The company, according to Dehnert, needed to be capitalized, but the timing was off for Dehnert as he had just lost everything. He had a restaurant that closed and he had lost a lot of investment in the cannabis space, in Denver.
“I was all over the place, as you could imagine. And I said, ‘I don’t have [capital]. But I have time. And I have a very particular set of skills,” Dehnert says.
A simple plan
Dugout Mugs has had collaborations with Budweiser, Fox Sports, DraftKings and Bodyarmour Sports Drinks. One of its most successful verticals is corporate gifting.
The company has turned down offers to carry its patented mugs in box retail stores. On the day of the TBBW interview, Dugout Mugs launched on Zulily. “We’re probably crushing it right now,” Dehnert says as he reaches for his phone, then puts it back down on the table.
In July, it launches a line of stainless steel mugs that Dehnert says, will open its venture into a whole new market.
The unlikely duo of Dehnert and Thompson has succeeded in the business and there doesn’t seem to be plans of them slowing down anytime soon.
“Chris and I, we’ve grown a great relationship over the past five years,” Thompson says.
Spending an afternoon with the two “Dugout Boys” proves it’s a business match made in heaven.
“If you’re good at profit, that’s the easy part, right? That’s what it’s like with us. I mean, there’ll be triple digit growth five years in a row, through a pandemic, and no baseball going on. We did it. Because we’re us,” Dehnert says. “We create a place that our tribe, and our people, want to be. We are authentic.” ♦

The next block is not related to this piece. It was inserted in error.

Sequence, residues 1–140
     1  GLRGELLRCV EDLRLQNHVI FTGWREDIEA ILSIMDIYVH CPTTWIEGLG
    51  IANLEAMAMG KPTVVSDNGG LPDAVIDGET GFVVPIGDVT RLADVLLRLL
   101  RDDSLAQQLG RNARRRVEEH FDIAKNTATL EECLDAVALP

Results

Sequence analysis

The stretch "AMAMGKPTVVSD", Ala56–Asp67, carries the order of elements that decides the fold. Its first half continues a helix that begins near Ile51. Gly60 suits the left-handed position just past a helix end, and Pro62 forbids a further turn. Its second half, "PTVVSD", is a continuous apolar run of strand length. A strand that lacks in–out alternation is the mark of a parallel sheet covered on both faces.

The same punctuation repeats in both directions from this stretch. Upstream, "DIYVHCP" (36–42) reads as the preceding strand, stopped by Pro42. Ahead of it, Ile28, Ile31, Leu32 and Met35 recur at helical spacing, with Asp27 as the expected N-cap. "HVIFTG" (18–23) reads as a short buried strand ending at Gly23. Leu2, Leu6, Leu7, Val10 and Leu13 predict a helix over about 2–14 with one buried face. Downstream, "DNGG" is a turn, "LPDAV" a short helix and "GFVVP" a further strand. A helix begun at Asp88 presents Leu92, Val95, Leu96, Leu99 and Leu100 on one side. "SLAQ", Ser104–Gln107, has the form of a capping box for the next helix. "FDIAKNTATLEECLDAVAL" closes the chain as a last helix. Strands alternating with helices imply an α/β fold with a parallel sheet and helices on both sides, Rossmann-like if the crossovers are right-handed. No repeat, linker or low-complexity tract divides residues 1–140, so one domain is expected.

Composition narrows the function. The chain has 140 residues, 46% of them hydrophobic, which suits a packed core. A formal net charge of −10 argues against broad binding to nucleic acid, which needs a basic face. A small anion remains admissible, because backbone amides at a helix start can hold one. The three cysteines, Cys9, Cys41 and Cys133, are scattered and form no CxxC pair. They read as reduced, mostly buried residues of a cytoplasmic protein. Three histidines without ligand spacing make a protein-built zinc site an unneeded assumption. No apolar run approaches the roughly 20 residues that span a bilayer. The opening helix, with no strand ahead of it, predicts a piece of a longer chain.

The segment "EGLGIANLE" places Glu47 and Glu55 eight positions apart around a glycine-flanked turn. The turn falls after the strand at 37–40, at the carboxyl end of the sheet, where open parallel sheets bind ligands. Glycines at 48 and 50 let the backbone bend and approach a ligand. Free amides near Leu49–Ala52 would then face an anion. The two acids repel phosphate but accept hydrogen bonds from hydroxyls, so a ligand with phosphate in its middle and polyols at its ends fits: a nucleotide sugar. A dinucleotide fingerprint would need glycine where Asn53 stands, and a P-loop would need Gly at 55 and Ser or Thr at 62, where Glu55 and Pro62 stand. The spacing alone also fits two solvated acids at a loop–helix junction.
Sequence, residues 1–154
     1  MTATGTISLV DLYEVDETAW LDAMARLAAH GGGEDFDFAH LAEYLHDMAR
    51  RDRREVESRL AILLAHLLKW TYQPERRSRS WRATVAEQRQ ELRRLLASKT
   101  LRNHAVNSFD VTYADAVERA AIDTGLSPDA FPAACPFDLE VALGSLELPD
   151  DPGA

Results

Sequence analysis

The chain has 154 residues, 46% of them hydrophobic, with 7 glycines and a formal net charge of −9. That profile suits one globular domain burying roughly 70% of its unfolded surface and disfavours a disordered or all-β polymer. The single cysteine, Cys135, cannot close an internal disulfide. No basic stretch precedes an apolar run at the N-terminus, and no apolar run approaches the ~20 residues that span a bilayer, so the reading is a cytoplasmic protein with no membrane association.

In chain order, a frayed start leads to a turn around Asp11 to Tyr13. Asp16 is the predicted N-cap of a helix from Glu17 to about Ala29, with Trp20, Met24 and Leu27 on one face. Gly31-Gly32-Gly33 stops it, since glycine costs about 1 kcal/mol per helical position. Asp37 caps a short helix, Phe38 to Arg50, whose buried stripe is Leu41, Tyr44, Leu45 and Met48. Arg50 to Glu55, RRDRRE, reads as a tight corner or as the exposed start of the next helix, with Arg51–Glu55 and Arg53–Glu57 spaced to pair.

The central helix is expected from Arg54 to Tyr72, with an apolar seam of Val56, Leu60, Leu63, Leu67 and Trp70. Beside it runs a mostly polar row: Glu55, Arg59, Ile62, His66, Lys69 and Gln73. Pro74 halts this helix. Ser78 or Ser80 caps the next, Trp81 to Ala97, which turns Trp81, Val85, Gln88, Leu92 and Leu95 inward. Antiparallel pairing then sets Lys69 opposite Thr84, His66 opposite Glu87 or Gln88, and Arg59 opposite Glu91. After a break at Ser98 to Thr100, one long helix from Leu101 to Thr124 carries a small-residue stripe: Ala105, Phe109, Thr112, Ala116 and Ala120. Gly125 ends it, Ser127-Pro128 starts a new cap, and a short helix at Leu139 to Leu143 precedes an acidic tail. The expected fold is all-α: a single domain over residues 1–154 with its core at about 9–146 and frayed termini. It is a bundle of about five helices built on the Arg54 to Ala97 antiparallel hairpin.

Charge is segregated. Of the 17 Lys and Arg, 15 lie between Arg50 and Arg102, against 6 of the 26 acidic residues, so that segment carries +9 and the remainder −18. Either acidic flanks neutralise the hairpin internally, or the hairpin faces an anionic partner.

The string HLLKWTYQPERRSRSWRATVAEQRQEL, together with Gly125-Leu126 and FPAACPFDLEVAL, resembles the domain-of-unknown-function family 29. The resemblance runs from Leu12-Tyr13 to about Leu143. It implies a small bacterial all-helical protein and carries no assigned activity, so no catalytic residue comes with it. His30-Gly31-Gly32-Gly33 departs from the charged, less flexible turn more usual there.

THE DUGOUT BOYS’ FAVORITES
Charities and giving back: Dugout Mugs donates $1,000 each month, through Cheers to Charity, an initiative that has helped numerous foundations and organizations in the baseball community including the David Ortiz Children’s Fund, Mariano Rivera Foundation, Lance McCullers Jr. Foundation, Negro Leagues Baseball Museum and more. “We also run a mug for the month, of which its profits go toward the charity,” Dehnert says. The company has donated more than $40,000 to charities in the past 12 months.
Thompson also looks for opportunities to support children in the sport. “I keep my eyes wide open for opportunities to help people out,” he says.
Things to do: “I collect experiences, not things,” Dehnert says. He enjoys fishing, boating and shooting — for sport. Where he does indulge is travel. “I’ve had the opportunity to see a lot of the world.” Italy was his favorite. His dream is to own a tiki bar where he can play guitar on the beach.
“I’m a beach guy. I told my wife, my vision of making it is I have my two daughters, Giuliana and Isabella, and a tiki bar. And I’m drunk on the beach playing a guitar. And they can’t tell me not to because I bought the damn thing. So I get to play music and hang out with my daughters. And then I can fish and chill,” he says as he laughs.
Not bad Kris, save us a seat.
Photos by Michael McCoy. The photos were taken at George M. Steinbrenner Field